infinitely


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Related to infinitely: Infinitely small

in·fi·nite

 (ĭn′fə-nĭt)
adj.
1. Having no boundaries or limits; impossible to measure or calculate. See Synonyms at incalculable.
2. Immeasurably great or large; boundless: infinite patience; a discovery of infinite importance.
3. Mathematics
a. Existing beyond or being greater than any arbitrarily large value.
b. Unlimited in spatial extent: a line of infinite length.
c. Of or relating to a set capable of being put into one-to-one correspondence with a proper subset of itself.
n.
Something infinite.

[Middle English infinit, from Old French, from Latin īnfīnītus : in-, not; see in-1 + fīnītus, finite, from past participle of fīnīre, to limit; see finite.]

in′fi·nite·ly adv.
in′fi·nite·ness n.
ThesaurusAntonymsRelated WordsSynonymsLegend:
Adv.1.infinitely - without bounds; "he is infinitely wealthy"
2.infinitely - continuing forever without end; "there are infinitely many possibilities"
finitely - with a finite limit; "there are finitely many solutions to this problem"
Translations
بصورة مُتَناهيَه، بصورة لا نهائيَّه
nesmírně
határtalanul
óendanlega
neskončno
aşırı derecedesonsuz bir şekilde

infinitely

[ˈɪnfɪnɪtlɪ] ADVinfinitamente
this is infinitely harderesto es muchísimo más difícil, esto es mil veces más difícil

infinitely

[ˈɪnfɪnɪtli] adv
(with comparative) [more, less, superior] → infiniment
infinitely better → infiniment mieux
infinitely worse → infiniment pire
to be infinitely preferable → être infiniment préférable
(= extremely) → infiniment

infinitely

advunendlich; (fig also)grenzenlos; improvedungeheuer; better, worseunendlich viel

infinitely

[ˈɪnf/ɛ7nɪtlɪ] advinfinitamente

infinite

(ˈinfinit) adjective
1. without end or limits. We believe that space is infinite.
2. very great. Infinite damage could be caused by such a mistake.
ˈinfinitely adverb
extremely; to a very great degree. The time at which our sun will finally cease to burn is infinitely far away.
ˈinfiniteness noun
inˈfinity (-ˈfi-) noun
1. space, time or quantity that is without limit, or is immeasurably great or small.
2. in mathematics, an indefinitely large number, quantity or distance. Parallel lines meet at infinity.
References in classic literature ?
True, from the unmarred dead body of the whale, you may scrape off with your hand an infinitely thin, transparent substance, somewhat resembling the thinnest shreds of isinglass, only it is almost as flexible and soft as satin; that is, previous to being dried, when it not only contracts and thickens, but becomes rather hard and brittle.
They are both present passions of mine, and I may say of the 'Dona Perfecta' of Galdos that no book, if I except those of the greatest Russians, has given me a keener and deeper impression; it is infinitely pathetic, and is full of humor, which, if more caustic than that of Valdes, is not less delicious.
Henry, overjoyed to have her go, bowed and watched her off, and without losing another moment, turned instantly to Fanny, and, taking out some letters, said, with a most animated look, "I must acknowledge myself infinitely obliged to any creature who gives me such an opportunity of seeing you alone: I have been wishing it more than you can have any idea.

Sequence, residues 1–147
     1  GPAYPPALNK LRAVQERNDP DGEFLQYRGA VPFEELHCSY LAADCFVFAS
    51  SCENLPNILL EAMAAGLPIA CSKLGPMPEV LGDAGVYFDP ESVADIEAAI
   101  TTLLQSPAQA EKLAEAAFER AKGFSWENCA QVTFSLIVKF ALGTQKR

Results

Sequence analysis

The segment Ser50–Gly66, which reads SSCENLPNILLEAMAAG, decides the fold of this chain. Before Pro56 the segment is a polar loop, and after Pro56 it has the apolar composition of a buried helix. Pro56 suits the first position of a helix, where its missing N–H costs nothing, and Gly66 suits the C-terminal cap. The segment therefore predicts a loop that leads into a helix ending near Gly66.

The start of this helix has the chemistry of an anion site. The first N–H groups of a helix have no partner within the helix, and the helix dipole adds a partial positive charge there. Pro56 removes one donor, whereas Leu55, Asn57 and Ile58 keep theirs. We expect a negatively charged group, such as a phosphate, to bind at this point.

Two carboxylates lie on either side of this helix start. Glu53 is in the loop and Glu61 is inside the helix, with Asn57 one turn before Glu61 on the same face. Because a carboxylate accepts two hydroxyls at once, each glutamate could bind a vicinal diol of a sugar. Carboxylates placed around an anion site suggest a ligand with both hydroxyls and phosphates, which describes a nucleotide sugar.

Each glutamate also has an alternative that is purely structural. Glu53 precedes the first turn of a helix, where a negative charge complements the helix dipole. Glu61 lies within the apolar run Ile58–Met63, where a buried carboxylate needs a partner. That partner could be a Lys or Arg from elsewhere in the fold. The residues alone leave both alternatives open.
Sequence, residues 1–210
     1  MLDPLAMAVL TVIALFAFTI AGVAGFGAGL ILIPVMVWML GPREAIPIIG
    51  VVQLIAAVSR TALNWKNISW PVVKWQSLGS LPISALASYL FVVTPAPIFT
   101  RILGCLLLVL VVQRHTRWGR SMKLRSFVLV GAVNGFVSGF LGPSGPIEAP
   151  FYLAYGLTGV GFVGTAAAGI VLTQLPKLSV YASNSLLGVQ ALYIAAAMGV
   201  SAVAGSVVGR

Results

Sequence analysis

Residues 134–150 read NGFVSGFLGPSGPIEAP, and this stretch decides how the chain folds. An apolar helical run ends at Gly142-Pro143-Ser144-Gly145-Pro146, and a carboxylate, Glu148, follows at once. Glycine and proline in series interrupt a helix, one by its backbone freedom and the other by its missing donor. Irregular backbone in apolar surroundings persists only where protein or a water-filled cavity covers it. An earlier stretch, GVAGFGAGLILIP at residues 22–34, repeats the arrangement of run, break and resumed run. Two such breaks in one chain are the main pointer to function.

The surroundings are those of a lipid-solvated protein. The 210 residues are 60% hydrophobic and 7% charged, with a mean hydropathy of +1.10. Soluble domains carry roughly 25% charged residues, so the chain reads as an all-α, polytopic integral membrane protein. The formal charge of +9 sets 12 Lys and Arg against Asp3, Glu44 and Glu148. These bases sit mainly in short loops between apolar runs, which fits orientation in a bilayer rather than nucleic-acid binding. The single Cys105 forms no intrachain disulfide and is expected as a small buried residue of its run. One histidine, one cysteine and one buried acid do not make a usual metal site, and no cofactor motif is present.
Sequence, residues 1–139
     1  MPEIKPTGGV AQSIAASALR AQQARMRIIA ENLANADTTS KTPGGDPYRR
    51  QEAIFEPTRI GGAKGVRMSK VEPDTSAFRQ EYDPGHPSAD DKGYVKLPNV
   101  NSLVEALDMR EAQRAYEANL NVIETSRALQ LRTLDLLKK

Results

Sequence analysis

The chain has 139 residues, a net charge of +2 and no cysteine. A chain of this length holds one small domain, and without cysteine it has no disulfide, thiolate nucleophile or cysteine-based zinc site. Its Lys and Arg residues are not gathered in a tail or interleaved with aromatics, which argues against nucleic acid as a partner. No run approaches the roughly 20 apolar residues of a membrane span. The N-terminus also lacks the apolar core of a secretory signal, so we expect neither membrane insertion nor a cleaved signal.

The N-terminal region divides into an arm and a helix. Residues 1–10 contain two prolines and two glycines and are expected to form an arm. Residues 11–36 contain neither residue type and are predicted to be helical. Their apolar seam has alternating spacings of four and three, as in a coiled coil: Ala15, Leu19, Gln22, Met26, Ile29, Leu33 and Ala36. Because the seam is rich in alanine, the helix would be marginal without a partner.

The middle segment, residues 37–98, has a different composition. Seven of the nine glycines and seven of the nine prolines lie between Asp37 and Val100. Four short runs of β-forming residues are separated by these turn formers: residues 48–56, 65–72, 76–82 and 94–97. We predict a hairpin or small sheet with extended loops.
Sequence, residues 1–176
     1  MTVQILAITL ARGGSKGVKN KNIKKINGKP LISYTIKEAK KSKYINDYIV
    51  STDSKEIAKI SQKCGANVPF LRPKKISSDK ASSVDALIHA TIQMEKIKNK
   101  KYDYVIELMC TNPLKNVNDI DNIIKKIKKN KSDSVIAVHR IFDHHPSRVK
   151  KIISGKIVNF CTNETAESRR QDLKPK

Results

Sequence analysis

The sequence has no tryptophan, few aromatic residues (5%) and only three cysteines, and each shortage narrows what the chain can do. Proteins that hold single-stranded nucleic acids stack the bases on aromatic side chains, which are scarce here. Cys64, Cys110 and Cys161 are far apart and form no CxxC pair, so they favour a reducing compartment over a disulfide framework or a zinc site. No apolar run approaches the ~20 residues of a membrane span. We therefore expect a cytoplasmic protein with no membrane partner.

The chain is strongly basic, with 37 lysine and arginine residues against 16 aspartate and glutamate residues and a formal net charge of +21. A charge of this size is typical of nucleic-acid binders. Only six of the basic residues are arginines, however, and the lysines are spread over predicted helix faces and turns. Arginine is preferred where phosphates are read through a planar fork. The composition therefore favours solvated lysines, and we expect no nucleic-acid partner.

For infinitely various are the incidents in one man's life which cannot be reduced to unity; and so, too, there are many actions of one man out of which we cannot make one action.
I infinitely prefer the tender and liberal spirit of Mainwaring, which, impressed with the deepest conviction of my merit, is satisfied that whatever I do must be right; and look with a degree of contempt on the inquisitive and doubtful fancies of that heart which seems always debating on the reasonableness of its emotions.
Mucianus undid Vitellius, by a fame that he scattered, that Vitellius had in purpose to remove the legions of Syria into Germany, and the legions of Germany into Syria; whereupon the legions of Syria were infinitely inflamed.
The theory is something like this: Space is pervaded by luminiferous ether, which is a material thing--as much a substance as air or water, though almost infinitely more attenuated.
Presently my ear caught the faint and regular pulsation of her heart, firm and quick, infinitely touching in its persistent mystery, disclosing itself into my very ear - and my felicity became complete.
Instead of this obvious policy, Athens and Sparta, inflated with the victories and the glory they had acquired, became first rivals and then enemies; and did each other infinitely more mischief than they had suffered from Xerxes.
He felt remorseful because he had refused to see that she looked upon him with any particular feeling, and now these words in her letter were infinitely pathetic: I can't bear the thought that anyone else should touch me.
It was quite as good as an Insolvent Act, and infinitely more genteel.
the practices of whalemen soon convinced him that even Christians could be both miserable and wicked; infinitely more so, than all his father's heathens.